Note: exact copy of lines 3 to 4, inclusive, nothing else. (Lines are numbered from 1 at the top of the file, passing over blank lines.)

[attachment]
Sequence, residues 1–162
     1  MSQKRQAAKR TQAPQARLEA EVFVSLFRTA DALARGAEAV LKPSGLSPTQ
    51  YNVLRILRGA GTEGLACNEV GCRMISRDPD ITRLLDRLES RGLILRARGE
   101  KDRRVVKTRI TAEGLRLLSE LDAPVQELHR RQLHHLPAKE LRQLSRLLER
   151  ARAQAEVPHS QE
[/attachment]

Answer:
    51  YNVLRILRGA GTEGLACNEV GCRMISRDPD ITRLLDRLES RGLILRARGE
   101  KDRRVVKTRI TAEGLRLLSE LDAPVQELHR RQLHHLPAKE LRQLSRLLER